TTHE GREAT WAR AND THE DEATH OF GOD: POSTWAR BREAKDOWN OF WESTERN CULTURE, RETREAT FROM REASON, AND RISE OF SCIENTIFIC MATERIALISM
O'Connor, Charles Aloysius, III
ABSTRACTSince World War I, scientific materialism has emerged as the dominant metaphysic of the 20th century, with its claim that reality is merely configurations of brute, mindless matter governed by indifferent physical laws having no underlying meaning or purpose. Scientific materialists present their metaphysic as scientific truth based upon their epistemological conviction, called scientism, that science is the only reliable source of genuine knowledge about reality. Although scientism and scientific materialism have accompanied the advance of science since the Enlightenment, they ascended to prominence only after World War I, the axial event in modern Western civilization. This thesis proposes that the war contributed significantly to the 20th century rise of scientism and scientific materialism by causing a broad Western cultural retreat from rational engagement with metaphysics, and then critiques their respective claims to objective truth and scientific certainty about the nature of the universe.After examining the post-Enlightenment cultural engagement with scientism and scientific materialism which consistently mitigated their prewar influence, the thesis explores the effects of the war's cultural devastation, especially on those Western cultural institutions historically concerned with cosmic meaning and purpose, namely, theology, philosophy, literature, and art. The war precipitated a generational revolt among Protestant Crisis theologians, led by Karl Barth, who rejected reason and advocated Scripture alone to understand God and the universe. The war inspired Pierre Teilhard de Chardin to align Christian thought with evolutionary science, but the Catholic hierarchy remained hostile to meaningful engagement with modern science.The war profoundly influenced the philosophy of Ludwig Wittgenstein, Edmund Husserl, and Martin Heidegger with the result that European philosophy lost its remaining rationalist content and deferred metaphysical questions to the arts. Their thought fostered two postwar movements in philosophy: logical positivism, which supported scientism and rejected metaphysics, and existentialism, which disregarded metaphysics and focused on human authenticity. Literature primarily addressed the war's psychic toll, essentially deferred to science, and largely accepted an indifferent, materialist universe, exemplified in works by Ernest Hemingway, Franz Kafka, and Jean-Paul Sartre. In art, the war inspired Dadaism and its successor Surrealism, which savaged human reason as the cause of a disastrous war and celebrated man's unconscious in a mechanized postwar world and an indifferent universe.Having shown that the war created a cultural vacuum which facilitated the rise of scientism and scientific materialism by causing a postwar loss of faith in human reason and disengagement from metaphysical concerns, the thesis undertakes a rationalist critique of three leading scientific materialists - Jacques Monod, Richard Dawkins, Daniel Dennett, and Stephen Hawking - by pointing out the limits of their inductive reasoning and the logical inconsistencies in their worldviews.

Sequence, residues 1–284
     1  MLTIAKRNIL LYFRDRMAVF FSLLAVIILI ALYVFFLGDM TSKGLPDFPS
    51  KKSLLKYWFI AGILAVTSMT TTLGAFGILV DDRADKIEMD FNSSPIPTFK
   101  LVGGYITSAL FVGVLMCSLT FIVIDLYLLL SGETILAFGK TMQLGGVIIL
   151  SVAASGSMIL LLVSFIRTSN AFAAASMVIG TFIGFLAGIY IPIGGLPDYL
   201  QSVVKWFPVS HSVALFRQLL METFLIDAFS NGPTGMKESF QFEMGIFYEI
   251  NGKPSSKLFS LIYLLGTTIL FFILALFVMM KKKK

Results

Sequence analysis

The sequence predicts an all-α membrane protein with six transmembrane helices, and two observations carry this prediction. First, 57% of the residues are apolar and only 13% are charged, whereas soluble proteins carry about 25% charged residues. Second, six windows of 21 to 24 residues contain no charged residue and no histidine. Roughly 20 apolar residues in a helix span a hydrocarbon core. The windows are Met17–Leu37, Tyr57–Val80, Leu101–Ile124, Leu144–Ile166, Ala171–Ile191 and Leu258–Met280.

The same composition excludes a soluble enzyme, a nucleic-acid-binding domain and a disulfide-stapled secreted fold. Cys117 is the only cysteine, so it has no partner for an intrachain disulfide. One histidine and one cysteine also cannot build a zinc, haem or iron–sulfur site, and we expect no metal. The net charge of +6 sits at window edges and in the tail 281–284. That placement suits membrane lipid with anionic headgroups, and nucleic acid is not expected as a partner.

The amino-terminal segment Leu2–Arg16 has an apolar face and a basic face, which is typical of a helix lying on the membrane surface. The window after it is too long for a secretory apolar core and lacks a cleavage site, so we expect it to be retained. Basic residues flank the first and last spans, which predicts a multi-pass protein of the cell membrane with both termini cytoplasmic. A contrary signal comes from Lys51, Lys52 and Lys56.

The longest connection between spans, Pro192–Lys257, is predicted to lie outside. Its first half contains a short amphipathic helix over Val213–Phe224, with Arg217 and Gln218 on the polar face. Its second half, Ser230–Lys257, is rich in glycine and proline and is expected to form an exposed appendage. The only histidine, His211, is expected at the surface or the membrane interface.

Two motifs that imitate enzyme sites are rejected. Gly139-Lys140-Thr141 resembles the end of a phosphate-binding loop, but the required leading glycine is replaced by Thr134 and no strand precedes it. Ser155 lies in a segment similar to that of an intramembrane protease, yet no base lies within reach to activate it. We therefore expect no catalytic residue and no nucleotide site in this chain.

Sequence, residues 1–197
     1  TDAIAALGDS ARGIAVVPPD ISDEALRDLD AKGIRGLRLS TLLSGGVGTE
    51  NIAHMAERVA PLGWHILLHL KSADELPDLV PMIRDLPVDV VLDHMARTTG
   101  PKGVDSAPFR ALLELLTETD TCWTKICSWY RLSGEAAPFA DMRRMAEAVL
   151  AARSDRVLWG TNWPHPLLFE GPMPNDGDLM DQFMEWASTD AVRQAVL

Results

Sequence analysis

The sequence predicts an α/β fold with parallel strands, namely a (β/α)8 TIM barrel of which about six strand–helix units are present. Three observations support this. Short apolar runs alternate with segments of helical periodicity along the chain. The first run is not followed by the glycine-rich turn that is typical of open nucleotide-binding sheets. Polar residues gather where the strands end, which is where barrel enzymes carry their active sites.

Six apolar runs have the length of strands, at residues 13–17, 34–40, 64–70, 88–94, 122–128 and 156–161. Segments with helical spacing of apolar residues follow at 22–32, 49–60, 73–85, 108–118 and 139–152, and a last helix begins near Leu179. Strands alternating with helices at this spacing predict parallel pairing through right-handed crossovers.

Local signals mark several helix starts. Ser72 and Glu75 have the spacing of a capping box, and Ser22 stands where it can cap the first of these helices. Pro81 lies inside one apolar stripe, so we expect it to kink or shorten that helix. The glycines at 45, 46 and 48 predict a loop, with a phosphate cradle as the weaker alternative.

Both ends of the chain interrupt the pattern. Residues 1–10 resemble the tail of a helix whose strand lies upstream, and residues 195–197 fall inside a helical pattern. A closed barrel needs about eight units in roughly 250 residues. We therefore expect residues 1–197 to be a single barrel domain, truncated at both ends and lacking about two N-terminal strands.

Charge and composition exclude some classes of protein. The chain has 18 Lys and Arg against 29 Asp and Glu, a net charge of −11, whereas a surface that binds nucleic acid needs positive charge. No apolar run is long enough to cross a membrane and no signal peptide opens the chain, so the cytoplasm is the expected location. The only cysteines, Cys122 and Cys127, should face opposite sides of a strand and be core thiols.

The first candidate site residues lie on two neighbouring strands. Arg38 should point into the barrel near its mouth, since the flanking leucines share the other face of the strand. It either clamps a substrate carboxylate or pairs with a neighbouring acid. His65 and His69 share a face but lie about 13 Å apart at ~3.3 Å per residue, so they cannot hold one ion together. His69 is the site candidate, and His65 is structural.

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Science and It's Discontents Review of SCIENCE and the RETREAT FROM REASON, by John Gillot and Manjit Kumar; NEWTON'S SLEEP: TWO CULTURE and TWO KINGDOMS, by Raymond Tallis; and MISUNDERSTANDING SCIENCE? the PUBLIC RECONSTRUCTION of SCIENCE and TECHNOLOGY, Edited by Alan Irwin and Brian Wynne Meadows, A.J. (1996-05-30)